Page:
Cervical Cytology

Every day in the UK 9 women are diagnosed with cervical cancer and 3 women lose their lives from the disease every day. Cervical cancer is the most common cancer in women aged 35.


75% of cervical cancers are prevented by cervical screening (also known as smear tests), however 1 in 4 women do not attend this potentially life-saving test.


So what happens?


You receive a letter through the post asking you to make an appointment for a cervical screening test. The letter should contain the details of the place you need to contact for the appointment.


Screening is usually carried out by the practice nurse at your GP clinic. You can ask to have a female doctor or nurse.


If possible, try to book an appointment during the middle of your menstrual cycle (usually 14 days from the start of your last period), as this can ensure a better sample of cells is taken.


It's best to make your appointment for when you don't have your period.


 Cervical Screening - it's important! 





NHS Choices

More detailed information on cervical screening can be found at



CancerHelp UK
Cancer Research UK's information on cancer screening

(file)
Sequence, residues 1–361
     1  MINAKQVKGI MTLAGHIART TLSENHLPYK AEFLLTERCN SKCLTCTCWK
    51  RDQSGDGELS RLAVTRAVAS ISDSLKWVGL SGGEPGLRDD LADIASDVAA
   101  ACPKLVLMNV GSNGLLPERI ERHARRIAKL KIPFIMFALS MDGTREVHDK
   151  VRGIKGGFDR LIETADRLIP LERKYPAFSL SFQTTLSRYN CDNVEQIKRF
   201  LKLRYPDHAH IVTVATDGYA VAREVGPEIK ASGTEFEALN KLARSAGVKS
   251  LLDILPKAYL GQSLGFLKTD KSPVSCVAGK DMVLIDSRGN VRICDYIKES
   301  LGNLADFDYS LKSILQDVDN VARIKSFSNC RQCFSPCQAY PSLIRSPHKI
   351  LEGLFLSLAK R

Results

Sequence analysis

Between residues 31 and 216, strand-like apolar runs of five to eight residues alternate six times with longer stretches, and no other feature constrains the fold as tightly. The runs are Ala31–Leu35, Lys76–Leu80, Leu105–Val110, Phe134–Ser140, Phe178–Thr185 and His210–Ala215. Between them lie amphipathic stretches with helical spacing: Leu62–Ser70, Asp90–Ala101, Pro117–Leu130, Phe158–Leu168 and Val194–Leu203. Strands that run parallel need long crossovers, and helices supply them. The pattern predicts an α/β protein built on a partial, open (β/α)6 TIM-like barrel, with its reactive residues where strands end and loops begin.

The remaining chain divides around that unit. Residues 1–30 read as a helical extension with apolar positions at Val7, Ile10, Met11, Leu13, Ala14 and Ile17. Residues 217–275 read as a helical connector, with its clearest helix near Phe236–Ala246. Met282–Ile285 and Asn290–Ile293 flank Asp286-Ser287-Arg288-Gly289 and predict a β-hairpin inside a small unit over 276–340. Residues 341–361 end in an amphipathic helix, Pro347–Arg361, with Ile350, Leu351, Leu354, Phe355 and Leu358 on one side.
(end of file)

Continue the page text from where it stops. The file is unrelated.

Easy-read screening information
Macmillan and Change have produced this easy-read guide about cervical screening 
Read and download the guide here


Marie Stopes International
Marie Stopes International provides private sexual and reproductive healthcare services. 


NHS Cervical Screening Programme 
Website of the NHS Cervical Screening Programme, preventing cancer by detecting and treating pre-cancerous changes. 


Screening information for transgender service users
Booklet created by Public Health Wales with information for breast, cervical, abdominal aortic aneurysm and bowel cancer for transgender service users
Read the booklet here


Women's Health Concern (WHC)
WHC provides an independent service to advise, reassure and educate women about their health concerns, to enable them to work in partnership with their own medical practitioners and health advisers.